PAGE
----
Google’s abandonment of the Nik Collection created enough of an outcry that DxO rescued the photo-editing plug-ins in 2017. Now, the Nik Collection has its first new plug-in under the DxO name as part of the updated Nik Collection 3, a major upgrade that adds a new perspective correction tool, non-destructive editing, speed enhancements, workflow improvements, and, of course, new filters.
The last time we used the Nik Collection, the plug-in suite was owned by Google — and free. And while the collection is a long-standing favorite among enthusiast photographers, many of its once-unique features have since hit the mainstream, with similar tools built-in to programs like Adobe Lightroom. Still, Nik Collection 3 is worth it for the right person, and it helped us solve some of our most stubborn photo-editing problems.
We tested the Nik Collection with Adobe Photoshop and Lightroom Classic, but it is also compatible with Lightroom CC, Photoshop Elements, DxO PhotoLab, Serif Affinity Photo, On1 Photo RAW, and any application that’s compatible with Adobe Photoshop plug-ins.
The Nik Collection now includes eight plug-ins, with the new Perspective Efex joining the exiting Define (noise reduction), Viveza (color tool), HDR Efex Pro, Color Efex, Analog Efex Pro, Silver Efex Pro, and Sharpener.
The perspective tool helps correct lens distortion using a lens profile, but similar functionality already exists within Lightroom. However, the volume deformation tool is unique. This corrects size deformities at a photo’s edges — for example, in a group photo, people placed on the edges will appear wider than those in the center, and simple lens correction doesn’t fix this.
Compared to adjusting perspective in Lightroom, the Perspective Efex plug-in did a better job handling objects at the edges of the image, which retained more of their natural shape. Perspective Efex also crops less of the image compared to standard lens correction, which can be important when you have critical elements in on the edge of the frame you don’t want to lose. DxO also demonstrated how the tool even works with the extreme distortions of a fisheye lens.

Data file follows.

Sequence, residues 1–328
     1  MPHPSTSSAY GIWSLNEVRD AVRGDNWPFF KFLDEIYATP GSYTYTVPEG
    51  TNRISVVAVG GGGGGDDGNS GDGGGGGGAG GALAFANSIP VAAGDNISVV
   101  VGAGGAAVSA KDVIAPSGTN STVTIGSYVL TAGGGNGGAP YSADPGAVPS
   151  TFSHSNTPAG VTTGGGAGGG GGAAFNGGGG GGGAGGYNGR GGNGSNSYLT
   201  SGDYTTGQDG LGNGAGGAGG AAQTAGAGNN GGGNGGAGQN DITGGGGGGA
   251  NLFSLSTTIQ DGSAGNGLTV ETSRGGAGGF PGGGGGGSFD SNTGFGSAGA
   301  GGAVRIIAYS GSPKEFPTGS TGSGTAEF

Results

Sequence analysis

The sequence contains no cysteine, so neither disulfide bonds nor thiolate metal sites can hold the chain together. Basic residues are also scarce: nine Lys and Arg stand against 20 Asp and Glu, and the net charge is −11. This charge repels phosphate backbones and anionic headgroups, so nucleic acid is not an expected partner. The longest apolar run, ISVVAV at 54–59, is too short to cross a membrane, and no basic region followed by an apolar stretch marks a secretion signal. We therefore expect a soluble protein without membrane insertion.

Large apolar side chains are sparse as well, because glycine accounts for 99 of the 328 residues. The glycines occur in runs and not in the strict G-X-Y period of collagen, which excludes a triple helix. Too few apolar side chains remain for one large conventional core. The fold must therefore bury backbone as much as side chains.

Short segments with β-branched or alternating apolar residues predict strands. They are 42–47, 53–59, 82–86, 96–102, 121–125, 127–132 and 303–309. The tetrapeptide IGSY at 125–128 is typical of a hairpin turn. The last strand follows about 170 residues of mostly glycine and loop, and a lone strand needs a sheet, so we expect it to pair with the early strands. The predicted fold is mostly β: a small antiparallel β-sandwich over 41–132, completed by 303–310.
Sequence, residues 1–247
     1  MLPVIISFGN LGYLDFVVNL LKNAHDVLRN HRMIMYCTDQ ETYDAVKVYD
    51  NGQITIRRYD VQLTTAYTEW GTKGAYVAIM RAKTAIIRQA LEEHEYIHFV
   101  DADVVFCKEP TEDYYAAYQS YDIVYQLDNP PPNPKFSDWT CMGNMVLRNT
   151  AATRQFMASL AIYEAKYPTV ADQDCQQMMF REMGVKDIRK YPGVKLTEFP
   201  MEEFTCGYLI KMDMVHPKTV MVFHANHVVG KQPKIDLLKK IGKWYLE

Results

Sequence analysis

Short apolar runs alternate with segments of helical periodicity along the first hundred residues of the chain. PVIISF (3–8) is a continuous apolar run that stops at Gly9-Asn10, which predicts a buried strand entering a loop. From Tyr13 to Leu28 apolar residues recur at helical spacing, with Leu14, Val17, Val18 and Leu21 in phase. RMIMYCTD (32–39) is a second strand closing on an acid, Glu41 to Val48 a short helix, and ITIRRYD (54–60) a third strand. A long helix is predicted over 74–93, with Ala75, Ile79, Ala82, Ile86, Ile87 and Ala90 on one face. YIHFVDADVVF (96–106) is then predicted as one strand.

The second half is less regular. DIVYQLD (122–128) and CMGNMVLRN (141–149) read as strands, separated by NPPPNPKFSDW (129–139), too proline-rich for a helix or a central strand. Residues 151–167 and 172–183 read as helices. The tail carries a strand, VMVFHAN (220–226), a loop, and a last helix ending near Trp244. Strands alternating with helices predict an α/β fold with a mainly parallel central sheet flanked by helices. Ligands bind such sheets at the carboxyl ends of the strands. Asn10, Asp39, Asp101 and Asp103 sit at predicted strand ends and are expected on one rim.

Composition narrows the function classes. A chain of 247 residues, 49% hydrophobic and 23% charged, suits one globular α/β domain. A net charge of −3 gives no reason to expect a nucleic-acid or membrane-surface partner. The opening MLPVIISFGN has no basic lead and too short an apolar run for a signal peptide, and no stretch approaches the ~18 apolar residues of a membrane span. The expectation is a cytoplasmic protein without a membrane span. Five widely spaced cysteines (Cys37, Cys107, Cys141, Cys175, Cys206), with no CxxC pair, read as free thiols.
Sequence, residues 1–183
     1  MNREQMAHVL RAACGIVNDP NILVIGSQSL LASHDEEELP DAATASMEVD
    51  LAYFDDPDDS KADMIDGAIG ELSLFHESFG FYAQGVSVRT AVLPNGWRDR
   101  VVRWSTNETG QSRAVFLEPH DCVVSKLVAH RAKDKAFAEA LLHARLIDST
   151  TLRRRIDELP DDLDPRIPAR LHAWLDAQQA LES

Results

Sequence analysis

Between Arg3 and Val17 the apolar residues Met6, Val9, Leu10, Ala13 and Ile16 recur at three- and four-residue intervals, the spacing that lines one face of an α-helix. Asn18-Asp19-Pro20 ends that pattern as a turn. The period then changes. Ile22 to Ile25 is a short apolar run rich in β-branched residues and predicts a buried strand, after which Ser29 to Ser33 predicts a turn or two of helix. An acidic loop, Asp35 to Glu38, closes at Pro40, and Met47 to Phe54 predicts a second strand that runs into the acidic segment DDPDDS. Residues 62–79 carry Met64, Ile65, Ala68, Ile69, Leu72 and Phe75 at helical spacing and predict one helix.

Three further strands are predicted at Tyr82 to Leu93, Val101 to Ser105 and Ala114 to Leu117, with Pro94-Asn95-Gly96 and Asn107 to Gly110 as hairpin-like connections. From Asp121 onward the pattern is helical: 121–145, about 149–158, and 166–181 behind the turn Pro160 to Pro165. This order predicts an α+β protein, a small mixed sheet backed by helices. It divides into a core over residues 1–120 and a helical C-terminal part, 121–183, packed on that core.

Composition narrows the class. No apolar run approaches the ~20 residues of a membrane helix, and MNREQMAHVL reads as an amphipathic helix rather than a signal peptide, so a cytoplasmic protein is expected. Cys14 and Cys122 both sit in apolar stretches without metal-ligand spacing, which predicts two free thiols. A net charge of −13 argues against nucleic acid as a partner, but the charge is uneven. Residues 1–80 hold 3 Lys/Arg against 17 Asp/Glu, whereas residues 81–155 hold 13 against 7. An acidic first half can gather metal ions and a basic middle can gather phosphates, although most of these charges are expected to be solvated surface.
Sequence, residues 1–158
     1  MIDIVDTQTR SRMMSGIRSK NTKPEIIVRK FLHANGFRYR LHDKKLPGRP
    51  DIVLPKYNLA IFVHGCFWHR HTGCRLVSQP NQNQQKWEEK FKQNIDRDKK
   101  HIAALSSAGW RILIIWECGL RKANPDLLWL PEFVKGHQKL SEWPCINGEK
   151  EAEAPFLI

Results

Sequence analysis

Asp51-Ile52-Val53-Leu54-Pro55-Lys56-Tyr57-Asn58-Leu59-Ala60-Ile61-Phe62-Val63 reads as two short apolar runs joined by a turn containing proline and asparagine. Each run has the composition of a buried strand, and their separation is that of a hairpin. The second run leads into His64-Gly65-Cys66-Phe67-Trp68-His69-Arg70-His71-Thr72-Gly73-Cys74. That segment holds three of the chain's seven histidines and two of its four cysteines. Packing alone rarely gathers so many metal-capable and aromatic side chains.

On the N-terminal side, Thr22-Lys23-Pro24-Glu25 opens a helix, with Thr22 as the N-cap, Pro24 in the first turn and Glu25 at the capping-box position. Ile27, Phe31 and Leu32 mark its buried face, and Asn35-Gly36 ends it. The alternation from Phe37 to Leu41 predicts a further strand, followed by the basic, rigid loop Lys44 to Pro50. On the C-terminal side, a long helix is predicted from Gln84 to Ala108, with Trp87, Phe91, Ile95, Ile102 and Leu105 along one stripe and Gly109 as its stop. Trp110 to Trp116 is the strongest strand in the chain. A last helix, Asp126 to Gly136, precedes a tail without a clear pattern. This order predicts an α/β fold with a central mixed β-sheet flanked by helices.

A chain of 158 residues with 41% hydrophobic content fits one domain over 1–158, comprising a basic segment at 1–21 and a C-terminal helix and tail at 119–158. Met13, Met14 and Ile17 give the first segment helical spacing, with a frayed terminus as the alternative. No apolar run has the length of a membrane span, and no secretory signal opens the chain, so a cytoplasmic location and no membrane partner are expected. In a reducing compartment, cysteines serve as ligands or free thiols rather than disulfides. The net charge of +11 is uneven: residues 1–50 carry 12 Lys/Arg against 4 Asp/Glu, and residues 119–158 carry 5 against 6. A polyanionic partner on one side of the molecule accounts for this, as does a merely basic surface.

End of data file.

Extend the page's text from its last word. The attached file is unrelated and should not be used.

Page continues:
The second major change in Nik Collection 3 is non-destructive editing within Lightroom. By checking the “save and edit later” box, you can re-open an image in a plug-in multiple times to redo the adjustment. Non-destructive editing creates a TIFF file, which consumes more hard drive space, but that may be an acceptable trade-off for the increased flexibility.
DxO also made a handful of workflow enhancements with this update. The Nik Selective tool, a window in Photoshop that offers fast access to the different plug-ins, has been overhauled and now better matches Photoshop’s user interface and clearly labels what each plug-in does. The Selective tool also now has a “last edit” option that quickly recalls and applies the last settings used in the plug-in, ideal for working with multiple images.
General performance improvements have also been made, and the plug-ins did feel a bit faster in my testing. However, each image still has to be rendered when opening in each plug-in, so working within Nik Collection is slower than simply making edits in Lightroom alone.
New filters have joined the list, but our favorites remain the black-and-white options in Silver Efex, which are modeled after real film.
At $150 (or $79 for Nik Collection 2 owners), the biggest question is whether the plug-ins offer enough features that can’t be found natively in the host programs. At that price, DxO seems to be overshooting the casual market, and the best new features of Collection 3 — Perspective Efex and non-destructive editing — do appeal to a higher-end user, like wedding photographers shooting group portraits or architecture and real estate photographers. For more casual photographers, the great filters, particularly the black-and-white ones within Silver Efex, are another reason to buy — but aside from a few new filters, this isn’t anything new to Collection 3.
DxO is currently sweetening the deal with launch specials through June 30 that drop the price to $100, or $60 for those upgrading from Nik Collection 2.
- The best Adobe Lightroom alternatives for 2021
- DxO PhotoLab 3 reinvents the color wheel with new set of HSL controls
- With new filters, the updated Nik Collection 2 no longer needs Adobe to run
- Photography news: Best spot for fall photos, new firmware from Fuji and Nikon
- The Nik collection lives on with DxO Labs update — but at a cost